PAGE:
Article

Long-term follow-up after coronary artery bypass

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Abstract

Although coronary artery bypass has been proved to relieve angina effectively and improve the quality of life, the effects upon long-term survival are still being analyzed critically.

Patient population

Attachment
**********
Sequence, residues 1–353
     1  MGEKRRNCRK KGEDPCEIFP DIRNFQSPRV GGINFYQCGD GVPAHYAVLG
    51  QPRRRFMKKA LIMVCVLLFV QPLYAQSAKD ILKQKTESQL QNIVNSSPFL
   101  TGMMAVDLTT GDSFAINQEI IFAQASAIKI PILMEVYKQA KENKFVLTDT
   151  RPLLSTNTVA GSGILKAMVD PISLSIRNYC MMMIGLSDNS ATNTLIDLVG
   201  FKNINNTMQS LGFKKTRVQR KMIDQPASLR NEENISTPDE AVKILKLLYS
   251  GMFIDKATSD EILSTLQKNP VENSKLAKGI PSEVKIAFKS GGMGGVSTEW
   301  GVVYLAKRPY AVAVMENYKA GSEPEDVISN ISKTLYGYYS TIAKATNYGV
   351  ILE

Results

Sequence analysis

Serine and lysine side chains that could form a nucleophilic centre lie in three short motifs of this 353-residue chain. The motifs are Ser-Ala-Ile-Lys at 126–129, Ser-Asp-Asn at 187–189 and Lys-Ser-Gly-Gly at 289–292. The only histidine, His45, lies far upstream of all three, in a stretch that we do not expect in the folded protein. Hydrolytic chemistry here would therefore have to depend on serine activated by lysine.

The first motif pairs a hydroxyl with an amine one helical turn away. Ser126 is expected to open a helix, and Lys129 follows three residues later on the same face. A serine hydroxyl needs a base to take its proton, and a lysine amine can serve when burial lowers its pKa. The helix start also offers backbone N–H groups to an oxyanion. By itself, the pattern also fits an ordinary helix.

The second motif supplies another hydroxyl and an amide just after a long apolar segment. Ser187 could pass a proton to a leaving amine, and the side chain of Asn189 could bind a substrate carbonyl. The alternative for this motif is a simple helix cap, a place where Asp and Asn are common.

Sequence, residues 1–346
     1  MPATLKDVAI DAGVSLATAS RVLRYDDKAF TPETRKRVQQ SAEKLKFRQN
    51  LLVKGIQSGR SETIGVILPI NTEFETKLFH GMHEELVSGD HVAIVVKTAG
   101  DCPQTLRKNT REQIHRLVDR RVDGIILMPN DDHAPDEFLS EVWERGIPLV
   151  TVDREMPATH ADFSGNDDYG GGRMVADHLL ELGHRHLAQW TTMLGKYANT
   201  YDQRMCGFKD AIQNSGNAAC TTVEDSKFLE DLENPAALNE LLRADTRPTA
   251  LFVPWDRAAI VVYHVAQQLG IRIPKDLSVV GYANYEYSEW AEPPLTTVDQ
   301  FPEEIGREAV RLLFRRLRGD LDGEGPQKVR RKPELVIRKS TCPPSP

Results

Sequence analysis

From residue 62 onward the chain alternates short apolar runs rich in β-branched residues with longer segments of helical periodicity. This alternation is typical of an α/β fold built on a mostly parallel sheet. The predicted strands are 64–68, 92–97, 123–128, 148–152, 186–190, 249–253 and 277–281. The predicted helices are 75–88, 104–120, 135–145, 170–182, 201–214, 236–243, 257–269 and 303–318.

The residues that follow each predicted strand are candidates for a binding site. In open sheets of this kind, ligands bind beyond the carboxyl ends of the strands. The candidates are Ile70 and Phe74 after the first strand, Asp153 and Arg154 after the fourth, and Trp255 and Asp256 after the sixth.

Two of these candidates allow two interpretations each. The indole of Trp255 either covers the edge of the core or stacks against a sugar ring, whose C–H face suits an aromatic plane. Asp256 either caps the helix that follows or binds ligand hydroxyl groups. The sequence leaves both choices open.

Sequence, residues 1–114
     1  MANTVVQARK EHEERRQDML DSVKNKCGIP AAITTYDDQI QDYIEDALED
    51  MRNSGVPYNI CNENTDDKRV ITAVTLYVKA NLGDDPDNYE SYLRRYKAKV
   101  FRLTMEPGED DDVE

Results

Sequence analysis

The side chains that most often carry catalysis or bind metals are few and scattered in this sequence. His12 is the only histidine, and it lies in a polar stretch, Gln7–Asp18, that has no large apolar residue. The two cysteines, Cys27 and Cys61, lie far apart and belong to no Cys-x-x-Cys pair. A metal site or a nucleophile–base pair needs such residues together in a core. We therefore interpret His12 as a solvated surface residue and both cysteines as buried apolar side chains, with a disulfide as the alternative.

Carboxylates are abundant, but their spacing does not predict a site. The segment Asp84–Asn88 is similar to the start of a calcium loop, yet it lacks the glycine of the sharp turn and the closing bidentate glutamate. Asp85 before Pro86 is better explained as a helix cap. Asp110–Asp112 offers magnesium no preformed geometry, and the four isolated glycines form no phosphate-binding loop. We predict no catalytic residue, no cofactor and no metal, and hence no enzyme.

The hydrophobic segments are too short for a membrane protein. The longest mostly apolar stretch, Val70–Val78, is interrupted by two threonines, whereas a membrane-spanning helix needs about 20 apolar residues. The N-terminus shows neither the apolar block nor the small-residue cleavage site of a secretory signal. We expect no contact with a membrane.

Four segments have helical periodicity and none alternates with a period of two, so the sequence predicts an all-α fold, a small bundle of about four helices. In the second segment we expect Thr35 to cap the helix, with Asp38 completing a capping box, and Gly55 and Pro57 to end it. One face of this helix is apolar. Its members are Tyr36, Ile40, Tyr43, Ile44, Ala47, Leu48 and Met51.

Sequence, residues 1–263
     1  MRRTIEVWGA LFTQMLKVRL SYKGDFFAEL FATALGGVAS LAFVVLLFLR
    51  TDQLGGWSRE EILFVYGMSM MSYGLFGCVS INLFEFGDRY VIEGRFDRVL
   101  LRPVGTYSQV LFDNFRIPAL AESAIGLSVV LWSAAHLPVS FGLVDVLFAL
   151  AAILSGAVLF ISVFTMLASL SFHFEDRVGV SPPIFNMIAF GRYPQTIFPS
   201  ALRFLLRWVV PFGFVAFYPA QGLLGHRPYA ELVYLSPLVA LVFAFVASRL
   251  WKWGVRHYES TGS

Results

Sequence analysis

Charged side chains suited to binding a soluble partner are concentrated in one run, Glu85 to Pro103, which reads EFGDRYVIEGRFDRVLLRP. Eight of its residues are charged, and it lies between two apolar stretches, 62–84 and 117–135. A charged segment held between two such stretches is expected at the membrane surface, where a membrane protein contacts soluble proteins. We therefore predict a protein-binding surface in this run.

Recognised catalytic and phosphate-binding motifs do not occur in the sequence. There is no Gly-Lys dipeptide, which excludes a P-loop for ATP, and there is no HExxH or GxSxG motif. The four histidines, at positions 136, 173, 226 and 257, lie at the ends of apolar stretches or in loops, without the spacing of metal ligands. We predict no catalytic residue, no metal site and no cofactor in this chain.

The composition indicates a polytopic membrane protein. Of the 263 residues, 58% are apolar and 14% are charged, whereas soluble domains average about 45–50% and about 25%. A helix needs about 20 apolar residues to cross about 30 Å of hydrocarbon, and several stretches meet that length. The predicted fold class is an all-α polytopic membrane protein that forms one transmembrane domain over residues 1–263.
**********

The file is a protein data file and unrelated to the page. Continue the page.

A series of 846 consecutive and personally observed patients from one cardiology section who underwent isolated coronary artery bypass at the Texas Heart Institute from late 1969 through June 1976 were studied and the results are presented. Calculation of all percentages was based on the total population of 846. Men comprised 88% of the series. Sixty-five percent of the men were 50 years of age or older and 35% were 60 years or older. Preoperatively, functional Classes III and IV angina (New York Heart Association) was present in 63% and 19% respectively. Sixty-one percent demonstrated a changing pattern of angina during the immediate 60 days before operation. Previous myocardial infarction had occurred in 63%. Single-vessel disease (75% or greater occlusion) was present in 114 patients (14%): the right coronary artery in 23 (3%), the left anterior descending coronary artery in 80 (10%), and the left circumflex coronary artery in 11 (1%). Double-vessel disease was found in 290 patients (34%): the right coronary artery and left anterior descending coronary artery in 159 (19%), the right coronary artery and left circumflex coronary artery in 43 (5%), and the left anterior descending coronary artery in 88 (10%). Triple-vessel disease was present in 375 patients (44%). The main left coronary artery was involved (75% or more occlusion) in 68 patients (8%), and was associated with . . .


 

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